When my husband leaves to go grocery shopping or
miscellaneous shopping (Target, Sam’s Club, Walmart), he always asks me when he
comes home “did you miss me?” This is right cute since we are married fifty-two
years and six months and went
together for two years and nine months before our
marriage on July 5, 1960.
I imagine I should feel delighted he still wants me to
miss him. I do.
Also I miss being able to walk adequately, I miss my
ballroom dancing, since I do no walk well, I miss mall shopping because I
especially loved this holiday season and to see everyone so excited, nervous,
upset, hurrying a lot and being in deep rushing modes.
I miss being able to see my out of town grandchildren
every three weeks, because we all had colds, we had shots in knees and shoulders
and have not seen them for nine long weeks. I miss not smiling a lot because I
am missing lots of things.
So I decided this:
I will not miss more walking well because I am getting a
new shot (for me, been around for several years) and they come in sets of three.
You receive one every Thursday or the day your doctor is available, then the
next Thursday and finally the third Thursday. These shots have a good track
record (pun intended) for their recipient’s patients and I hope I will be
in that statistical data soon. I will then be smiling a lot more because I will
be happier. I will attempt to ballroom dance one Sunday in early 2013, I will
get to a mall while the holiday shopping is still evident, and I will go during
the week, because there is less chance of them all being overly populated then. Lastly
but first in my mind, I will see my younger grandchildren next Sunday for
I will believe all of these things in my life, walking,
mall shopping, smiling, ballroom dancing, grandchildren visits will all reappear
in my life soon, if not sooner.
John Harbaugh the coach of our Ravens football team said
about a coming game “we will confront them, not be comforted beforehand.” I say
there are positively many possibilities.
There is a saying “never make someone your priority
while allowing yourself to be their option.” Be happy yourself and if others do
not like it, then let them be. Happiness is a choice and life is not about
pleasing everyone. These were said by anonymous.
Prill Boyle from Connecticut, an author herself, said I
inspire her and so I must say she inspires me, because she believes in we seniors
who reinvent ourselves accomplishing new hobbies and how we take on new
adventures, regardless of our now ages.
My new email Towson Patch reader J. Umbridge wrote to me
the following words “for me, your columns are like a roaring fire that brings
the clipper ship to shore amid stormy weather.”
There was a popular song in about the mid-fifties and it
was sung by Lena Horne and it was called Stormy Weather. I guess it is pretty
nice to be thought about of being like a roaring fire that helps a ship come
home in bad weather. This is an unusual type of compliment, but I accept it with
honor, because the reader J.U. meant, I guess, that someone by reading my stories can feel safer and content in bad times.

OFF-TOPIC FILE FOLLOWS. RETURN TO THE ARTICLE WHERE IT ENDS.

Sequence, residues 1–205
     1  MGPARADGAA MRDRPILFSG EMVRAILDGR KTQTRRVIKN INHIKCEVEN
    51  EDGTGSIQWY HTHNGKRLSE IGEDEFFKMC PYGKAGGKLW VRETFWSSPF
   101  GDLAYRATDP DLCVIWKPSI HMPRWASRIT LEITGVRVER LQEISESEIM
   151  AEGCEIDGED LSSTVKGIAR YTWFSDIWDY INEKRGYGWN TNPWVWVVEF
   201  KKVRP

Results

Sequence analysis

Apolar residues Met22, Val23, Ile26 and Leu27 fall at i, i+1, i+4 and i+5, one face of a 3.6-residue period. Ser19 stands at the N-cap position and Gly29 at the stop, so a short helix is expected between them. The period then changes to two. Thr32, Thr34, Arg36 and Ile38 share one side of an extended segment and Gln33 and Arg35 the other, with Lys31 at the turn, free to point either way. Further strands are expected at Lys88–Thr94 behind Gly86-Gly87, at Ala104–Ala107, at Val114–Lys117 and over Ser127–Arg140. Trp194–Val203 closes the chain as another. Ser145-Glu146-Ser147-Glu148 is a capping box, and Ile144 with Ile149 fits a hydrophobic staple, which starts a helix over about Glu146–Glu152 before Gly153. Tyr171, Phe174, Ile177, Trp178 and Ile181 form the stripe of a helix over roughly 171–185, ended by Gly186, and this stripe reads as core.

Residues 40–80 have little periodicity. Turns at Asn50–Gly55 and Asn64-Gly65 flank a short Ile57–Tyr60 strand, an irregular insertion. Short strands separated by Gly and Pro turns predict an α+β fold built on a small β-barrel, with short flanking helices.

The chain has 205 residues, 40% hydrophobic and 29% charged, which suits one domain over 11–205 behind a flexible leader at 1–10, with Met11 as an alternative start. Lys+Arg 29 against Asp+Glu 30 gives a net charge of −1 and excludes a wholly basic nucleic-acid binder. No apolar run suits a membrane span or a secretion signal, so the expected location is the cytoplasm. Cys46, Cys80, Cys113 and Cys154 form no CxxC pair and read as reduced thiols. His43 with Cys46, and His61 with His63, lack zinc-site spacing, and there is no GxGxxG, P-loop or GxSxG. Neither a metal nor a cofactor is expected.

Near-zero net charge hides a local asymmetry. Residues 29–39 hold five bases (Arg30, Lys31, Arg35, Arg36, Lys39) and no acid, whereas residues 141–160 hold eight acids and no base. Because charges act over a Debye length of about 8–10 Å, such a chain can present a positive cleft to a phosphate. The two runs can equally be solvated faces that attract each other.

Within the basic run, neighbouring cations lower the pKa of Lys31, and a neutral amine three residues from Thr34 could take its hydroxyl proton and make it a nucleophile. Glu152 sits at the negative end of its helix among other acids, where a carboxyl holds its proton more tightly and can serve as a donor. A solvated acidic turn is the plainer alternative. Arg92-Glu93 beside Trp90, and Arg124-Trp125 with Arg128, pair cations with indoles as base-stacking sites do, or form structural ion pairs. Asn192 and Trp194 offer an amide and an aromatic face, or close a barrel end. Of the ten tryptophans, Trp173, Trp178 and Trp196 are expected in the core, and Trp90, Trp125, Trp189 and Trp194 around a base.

My mother had a cousin who was very devoted to his first
wife, even though she was a very sloppy looking person, messed up steel wool
type of hair. Her clothes were messy and ill-fitting and she in general looked
slovenly. She was a sweet lady and always had something nice to say to you when
you visited her. Her house was sloppy looking and the two of them really were
devoted to one another. When she passed on, he married less than six months
later her younger sister who had been widowed when her children were quite young
and she had a hard time raising them economically. When husband number two came
along, he was actually her brother-in-law, he gave her all the material things
she never had and craved. She never thought for a minute that one day she would
have a wonderfully furnished home, jewelry, a bright new and expensive car and
many trips to exciting places here and out of this country. She adapted easily
and all was well with the new couple who were former brother-in-law and
sister-in- law. She had everything her sister never had or even desired. He would
have given it to number one, except number one did not even desire it though she
could afford it. Number one did not miss
anything; number two had all she had missed. They were two opposite siblings;
each in their own way was happy.
I was talking to a young girl of twenty-three at an
online store about a credit due me from her company. She was in Texas and told
me there they have a law, if you live together for six months and can prove it,
you are thought of legally as a common law whereas in other states, it used to
be a time of seven years. Either or way six months or seven years, the woman
seems to have some legal rights. Each one of us has the right to choose the way
we live, where we live and who we live with for whatever time we want to do
So I have decided that I will no longer be in the miss
column, I will be in the not missed column and the only time I will use the word
miss is to answer my husband of fifty-two years, when he asks me if I missed
him, I will surely exclaim I missed you. Other than that, I will not miss
walking better soon, I will visit my favorite mall, I will ballroom dance, I will
see the lovely grandkids next week and most of all I will smile more because I
will not have MISSED anything.